Proposed $1.48 billion Erie County budget addresses bedbug woes - The Buffalo News

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Proposed $1.48 billion Erie County budget addresses bedbug woes

Erie County Executive Mark C. Poloncarz's proposed $1.48 billion budget for 2018 would grow the county workforce by 16 people. And most of those employees will be cleaners.

The new positions represent the latest attempt by the administration to address the bedbug problem at the Rath Building and numerous complaints from employees regarding the main county building's cleanliness. Poloncarz said full-time janitors and custodians need to be hired to clean the Rath Building more thoroughly instead of leaving the task to Social Services clients participating in welfare-to-work programs.

"If we have full-time janitors in there, we think it will help alleviate many of the complaints we've had," said Poloncarz, who pointed out the county had such positions years ago, before they were all eliminated.

The additional janitors are just one piece of a newly released budget proposal that would preserve county services and keep property taxes under the state cap. The county tax rate would fall by 1 cent, but the actual tax levy – the total amount of property taxes collected by the county – would grow by 5.35 percent, its highest percentage in at least a decade.

Poloncarz attributed the growth in property taxes to increased assessments and new construction. He said the budget also reflects fiscal prudence, with the overall budget growing by 2.1 percent and staying under tax cap limits.

"I'm pretty proud we were able to stay under the tax cap, because if you look at many towns in the area, many of them are going over the tax limit," he said.

The proposed budget continues investment in anti-poverty efforts and Bethlehem Steel site redevelopment. It increases spending for libraries, provides more support to attract movie productions and earmarks $69.1 million in capital money for construction and road projects, which is more than last year.

County worker banned from Rath Building over bedbug infestation

The budget proposal also more accurately budgets for the county's contribution to Erie County Medical Center, a major pressure point expected to cost the county at least $38 million next year, according to Budget Director Robert W. Keating. The $17 million the county received from ECMC this year as part of its borrowing deal to finance a new emergency department will be used over four years to offset the mammoth annual payments the county must make to cover the hospital's uninsured patients.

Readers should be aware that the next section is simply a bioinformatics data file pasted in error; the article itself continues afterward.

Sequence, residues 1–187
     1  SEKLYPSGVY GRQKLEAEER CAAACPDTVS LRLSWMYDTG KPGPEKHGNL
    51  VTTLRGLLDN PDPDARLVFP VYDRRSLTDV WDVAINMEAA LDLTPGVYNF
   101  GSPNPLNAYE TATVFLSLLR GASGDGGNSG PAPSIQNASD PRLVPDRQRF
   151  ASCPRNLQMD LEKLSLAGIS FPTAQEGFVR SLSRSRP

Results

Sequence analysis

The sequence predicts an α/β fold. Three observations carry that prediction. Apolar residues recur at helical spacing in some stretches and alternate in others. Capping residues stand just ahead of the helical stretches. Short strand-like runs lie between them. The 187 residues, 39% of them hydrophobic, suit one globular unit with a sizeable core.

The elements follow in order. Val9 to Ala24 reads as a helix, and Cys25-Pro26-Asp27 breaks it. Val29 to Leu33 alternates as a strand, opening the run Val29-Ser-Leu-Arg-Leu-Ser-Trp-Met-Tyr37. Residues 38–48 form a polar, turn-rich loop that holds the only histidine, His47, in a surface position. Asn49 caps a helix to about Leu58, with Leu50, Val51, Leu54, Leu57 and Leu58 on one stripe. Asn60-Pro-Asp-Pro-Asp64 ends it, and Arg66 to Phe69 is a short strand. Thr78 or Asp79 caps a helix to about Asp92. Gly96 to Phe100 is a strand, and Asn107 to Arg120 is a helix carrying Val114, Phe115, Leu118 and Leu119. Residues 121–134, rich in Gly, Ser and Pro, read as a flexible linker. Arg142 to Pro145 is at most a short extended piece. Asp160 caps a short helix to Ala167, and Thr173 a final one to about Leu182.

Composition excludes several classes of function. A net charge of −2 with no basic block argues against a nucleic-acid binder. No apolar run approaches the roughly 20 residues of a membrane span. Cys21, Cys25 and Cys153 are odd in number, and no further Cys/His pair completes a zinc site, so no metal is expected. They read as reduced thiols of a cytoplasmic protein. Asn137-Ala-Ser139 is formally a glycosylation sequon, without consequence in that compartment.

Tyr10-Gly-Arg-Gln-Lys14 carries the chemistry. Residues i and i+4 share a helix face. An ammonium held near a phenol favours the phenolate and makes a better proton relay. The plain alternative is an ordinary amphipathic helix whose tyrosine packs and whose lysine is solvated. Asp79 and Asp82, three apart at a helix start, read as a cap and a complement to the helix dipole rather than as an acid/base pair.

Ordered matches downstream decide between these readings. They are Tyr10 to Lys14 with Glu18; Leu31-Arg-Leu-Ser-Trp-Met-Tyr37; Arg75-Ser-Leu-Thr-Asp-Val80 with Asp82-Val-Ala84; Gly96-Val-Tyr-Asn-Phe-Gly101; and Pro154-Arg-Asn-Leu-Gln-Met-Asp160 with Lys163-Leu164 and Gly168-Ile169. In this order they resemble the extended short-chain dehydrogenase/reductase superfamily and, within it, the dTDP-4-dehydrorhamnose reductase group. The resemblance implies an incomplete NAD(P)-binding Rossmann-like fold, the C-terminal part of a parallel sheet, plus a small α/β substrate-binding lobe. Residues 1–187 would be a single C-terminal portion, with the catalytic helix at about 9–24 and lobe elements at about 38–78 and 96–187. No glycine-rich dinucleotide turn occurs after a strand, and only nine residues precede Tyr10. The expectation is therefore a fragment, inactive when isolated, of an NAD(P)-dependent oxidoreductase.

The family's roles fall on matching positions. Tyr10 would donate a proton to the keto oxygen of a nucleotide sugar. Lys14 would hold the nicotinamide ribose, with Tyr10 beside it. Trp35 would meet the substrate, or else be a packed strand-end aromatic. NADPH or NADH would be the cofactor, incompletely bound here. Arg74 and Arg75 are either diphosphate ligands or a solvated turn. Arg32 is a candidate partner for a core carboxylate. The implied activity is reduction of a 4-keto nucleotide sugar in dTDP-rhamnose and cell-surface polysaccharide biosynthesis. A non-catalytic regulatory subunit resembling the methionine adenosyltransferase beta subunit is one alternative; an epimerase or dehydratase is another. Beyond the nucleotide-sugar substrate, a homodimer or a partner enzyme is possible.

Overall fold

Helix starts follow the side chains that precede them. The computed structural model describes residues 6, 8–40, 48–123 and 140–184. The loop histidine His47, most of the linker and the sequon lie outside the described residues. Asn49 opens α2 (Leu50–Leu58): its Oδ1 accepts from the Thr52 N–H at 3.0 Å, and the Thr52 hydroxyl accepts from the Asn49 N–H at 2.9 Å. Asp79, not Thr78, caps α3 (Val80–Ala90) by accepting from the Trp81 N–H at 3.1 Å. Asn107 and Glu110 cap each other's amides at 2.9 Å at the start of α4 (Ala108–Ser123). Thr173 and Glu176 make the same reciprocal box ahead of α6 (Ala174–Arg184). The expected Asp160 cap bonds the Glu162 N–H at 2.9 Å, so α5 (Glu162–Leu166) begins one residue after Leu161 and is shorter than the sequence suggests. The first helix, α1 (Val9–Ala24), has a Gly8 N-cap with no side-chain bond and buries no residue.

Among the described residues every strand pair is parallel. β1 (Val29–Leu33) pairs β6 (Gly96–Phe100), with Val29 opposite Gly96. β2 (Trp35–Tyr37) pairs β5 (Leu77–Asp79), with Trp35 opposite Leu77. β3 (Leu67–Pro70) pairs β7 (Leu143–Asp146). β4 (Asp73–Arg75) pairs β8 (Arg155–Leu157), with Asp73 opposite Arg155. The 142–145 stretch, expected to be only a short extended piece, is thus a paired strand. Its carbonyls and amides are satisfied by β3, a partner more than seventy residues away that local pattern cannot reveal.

Among other budget items highlighted by the county:

  • An additional $500,000 in upgrades for the current Buffalo Niagara Convention Center. Although a study is being done for a new or drastically renovated convention center, Poloncarz said the existing, outdated building needs investment to stay competitive.
  • An additional $478,872 for the Buffalo and Erie County Public Library System. The county typically earmarks about 2 percent of assessment growth to the library system each year, Keating said.
  • Multiple new positions, offset by some abolished positions, including the creation of 12 janitorial posts at a total salary cost of $353,688. That figure easily exceeds $400,000 when including benefits. The county also is expected to hire five new, full-time heavy equipment/snow plow operators, as well as a new assistant deputy commissioner for Public Works, who will handle administrative duties like arbitration and workers comp cases.
  • An additional $250,000 to support Erie Community College, based on assurances from new ECC President Dan Hocoy that the money will directly benefit students, Poloncarz said.
  • A 1.2 percent increase in funding for cultural institutions over Poloncarz's original 2017 budget proposal. This amount is likely to change since legislators often try to increase funding to cultural organizations in their districts.

Of the $69.1 million for construction-related work in the capital budget, $36.5 million is being set aside for roads and bridges, and $2 million for new heavy equipment. This represents a $14 million increase over what was budgeted for 2017, according to the budget summary. Poloncarz said the additional debt will be more than offset by the retirement of other long-term debt.

The county is earmarking $6 million in undesignated county reserves to balance the budget, just like what was allocated in this year's budget. But Keating said if current trends continue, the county will not have to spend any of the $6 million budgeted for this year, and he hopes that next year will be the same.

Poloncarz acknowledged that this year's budget proposal is low on excitement.

"It is more of a steady-as-you-go budget," he said. "There's really not any new initiatives in there. Part of that is because of the pressures that we face."

Keeping the 2017 budget in the black this year was difficult, Poloncarz said. But he and Keating said the county benefited from higher-than-projected sales tax revenues, and lower pension and contained Medicaid costs.

Assuming no surprises this fall, Keating projected a small, 2017 year-end budget surplus of about $2 million.

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